Draft resolution against anti-Russia sanctions introduced to French parliament
The document was drafted and presented to the parliament on Wednesday by the Republicans party MP and former transport minister Thierry Mariani.
The proposed resolution lists the reasons for abolishing anti-Russian sanctions as well as economic losses brought to France by their imposition. The draft bill denounces the sanctions as “totally ineffective and mostly illegal” adding that they are “in contradiction with the fundamental interests of French-Russian relations” and harmful to France, Sputnik news agency reports.
"Bilateral trade has in fact declined. Since the beginning of 2015, the volume of Franco-Russian trade has declined by 40 percent, to a large extent due to the non-delivery of the Mistral warships. The cancellation of the sale of the Mistrals to Russia illustrated the abandonment of our national independence. This political mistake also has a considerable cost to French taxpayers," the document reads.
In August, Russian President Vladimir Putin and French President Francois Hollande have reached an agreement to cancel the contract for two Mistral helicopter carriers after Paris suspended the contract citing Russia’s alleged involvement in the Ukrainian conflict.
The document also warns that France could suffer significant economic losses as its companies would lose their share of the Russian market and calls for evaluating the financial impact of the sanctions on the EU and particularly on France “with great realism” before extending the sanctions further.
"These sanctions, which will only push the Russians to reorient their trade, are detrimental to sustainable economic relations between France and Russia. If the sanctions last any longer, French companies will end up suffering more than Russia," the document reads.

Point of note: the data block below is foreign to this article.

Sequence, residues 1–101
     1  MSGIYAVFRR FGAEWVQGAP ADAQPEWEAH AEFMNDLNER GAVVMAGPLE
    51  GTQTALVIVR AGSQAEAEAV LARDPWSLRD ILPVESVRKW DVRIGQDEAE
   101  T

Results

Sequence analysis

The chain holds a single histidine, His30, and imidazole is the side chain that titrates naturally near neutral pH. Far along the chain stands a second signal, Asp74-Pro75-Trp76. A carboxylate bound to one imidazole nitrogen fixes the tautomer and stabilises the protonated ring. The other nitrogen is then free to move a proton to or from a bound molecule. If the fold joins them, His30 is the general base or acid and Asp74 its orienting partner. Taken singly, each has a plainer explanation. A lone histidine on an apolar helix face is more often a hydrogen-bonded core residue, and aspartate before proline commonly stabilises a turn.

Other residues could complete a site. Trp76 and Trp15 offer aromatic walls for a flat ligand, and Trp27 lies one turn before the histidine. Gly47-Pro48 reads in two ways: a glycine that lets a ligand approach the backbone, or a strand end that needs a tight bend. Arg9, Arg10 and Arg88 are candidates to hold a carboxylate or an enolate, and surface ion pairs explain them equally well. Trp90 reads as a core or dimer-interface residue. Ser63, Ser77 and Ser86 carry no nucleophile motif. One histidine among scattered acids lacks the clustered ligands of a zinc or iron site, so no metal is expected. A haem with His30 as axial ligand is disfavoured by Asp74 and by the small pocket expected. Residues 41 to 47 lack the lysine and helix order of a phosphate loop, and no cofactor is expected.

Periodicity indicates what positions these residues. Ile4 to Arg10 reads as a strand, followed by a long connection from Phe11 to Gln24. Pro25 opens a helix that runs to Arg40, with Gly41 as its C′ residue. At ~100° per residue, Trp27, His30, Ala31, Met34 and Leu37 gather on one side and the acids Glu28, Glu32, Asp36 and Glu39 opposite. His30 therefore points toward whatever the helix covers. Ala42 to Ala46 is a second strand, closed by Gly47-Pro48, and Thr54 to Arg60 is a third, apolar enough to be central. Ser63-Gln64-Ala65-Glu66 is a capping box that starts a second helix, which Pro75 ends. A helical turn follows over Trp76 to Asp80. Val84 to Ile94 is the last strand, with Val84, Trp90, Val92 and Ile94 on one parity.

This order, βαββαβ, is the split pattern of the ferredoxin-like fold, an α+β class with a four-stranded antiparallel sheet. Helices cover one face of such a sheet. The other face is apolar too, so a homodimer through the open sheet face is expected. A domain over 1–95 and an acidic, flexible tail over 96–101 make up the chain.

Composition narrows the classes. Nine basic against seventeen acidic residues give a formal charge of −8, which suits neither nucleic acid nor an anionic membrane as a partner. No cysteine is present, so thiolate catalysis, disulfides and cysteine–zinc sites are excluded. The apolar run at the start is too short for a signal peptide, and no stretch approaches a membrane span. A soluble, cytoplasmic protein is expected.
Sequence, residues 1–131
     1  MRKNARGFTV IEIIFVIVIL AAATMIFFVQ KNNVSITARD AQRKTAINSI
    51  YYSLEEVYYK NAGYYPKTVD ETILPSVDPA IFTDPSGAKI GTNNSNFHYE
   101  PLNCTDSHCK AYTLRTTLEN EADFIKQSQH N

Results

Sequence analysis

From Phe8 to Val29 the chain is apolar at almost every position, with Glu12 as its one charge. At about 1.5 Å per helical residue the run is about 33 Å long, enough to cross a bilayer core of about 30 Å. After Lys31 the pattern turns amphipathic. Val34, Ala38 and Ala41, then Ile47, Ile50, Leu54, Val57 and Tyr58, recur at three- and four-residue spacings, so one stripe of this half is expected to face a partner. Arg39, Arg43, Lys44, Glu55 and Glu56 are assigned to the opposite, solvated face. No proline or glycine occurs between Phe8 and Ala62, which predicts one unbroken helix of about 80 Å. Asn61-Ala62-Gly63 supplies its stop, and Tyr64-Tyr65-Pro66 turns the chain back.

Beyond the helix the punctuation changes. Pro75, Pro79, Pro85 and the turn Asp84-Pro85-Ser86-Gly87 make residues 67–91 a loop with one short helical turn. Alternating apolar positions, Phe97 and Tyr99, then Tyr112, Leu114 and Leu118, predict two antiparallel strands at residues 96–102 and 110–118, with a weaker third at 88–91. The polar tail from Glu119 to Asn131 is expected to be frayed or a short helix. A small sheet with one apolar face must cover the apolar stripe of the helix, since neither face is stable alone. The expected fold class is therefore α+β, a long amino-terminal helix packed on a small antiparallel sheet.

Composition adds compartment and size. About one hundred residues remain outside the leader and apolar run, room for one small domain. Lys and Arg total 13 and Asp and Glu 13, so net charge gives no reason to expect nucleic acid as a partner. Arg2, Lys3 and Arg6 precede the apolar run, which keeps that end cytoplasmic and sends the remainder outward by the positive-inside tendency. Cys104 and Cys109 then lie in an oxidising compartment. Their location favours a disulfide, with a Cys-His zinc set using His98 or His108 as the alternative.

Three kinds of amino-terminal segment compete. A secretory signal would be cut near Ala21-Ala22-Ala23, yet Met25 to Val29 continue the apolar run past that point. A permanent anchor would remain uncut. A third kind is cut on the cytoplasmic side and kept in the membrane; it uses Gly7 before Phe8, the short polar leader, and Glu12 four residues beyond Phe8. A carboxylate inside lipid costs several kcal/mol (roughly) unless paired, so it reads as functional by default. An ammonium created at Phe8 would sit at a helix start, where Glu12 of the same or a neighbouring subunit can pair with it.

The resolution also questions the legality of the sanctions targeting individuals claiming that they are incompatible with Article 6 of the European Convention on Human Rights that envisages the right for fair trial for violation of civil law.
"Such sanctions raise a series of questions, especially regarding the legality of such measures. Indeed, who can claim the right to create a list of citizens and applying personal sanctions against them without questioning, without having an opportunity to defend themselves and even have a lawyer," the draft bill says.
According to the document, the fact that the sanctions were imposed by an executive and not by a judicial EU body also violates the rights of individuals targeted by the sanctions, as they could not appeal this decision.
The resolution also stresses that extension of sanctions impedes effective coordination between Russia and Western countries in fight against global terrorism, particularly against Islamic State (IS, formerly ISIS/ISIL).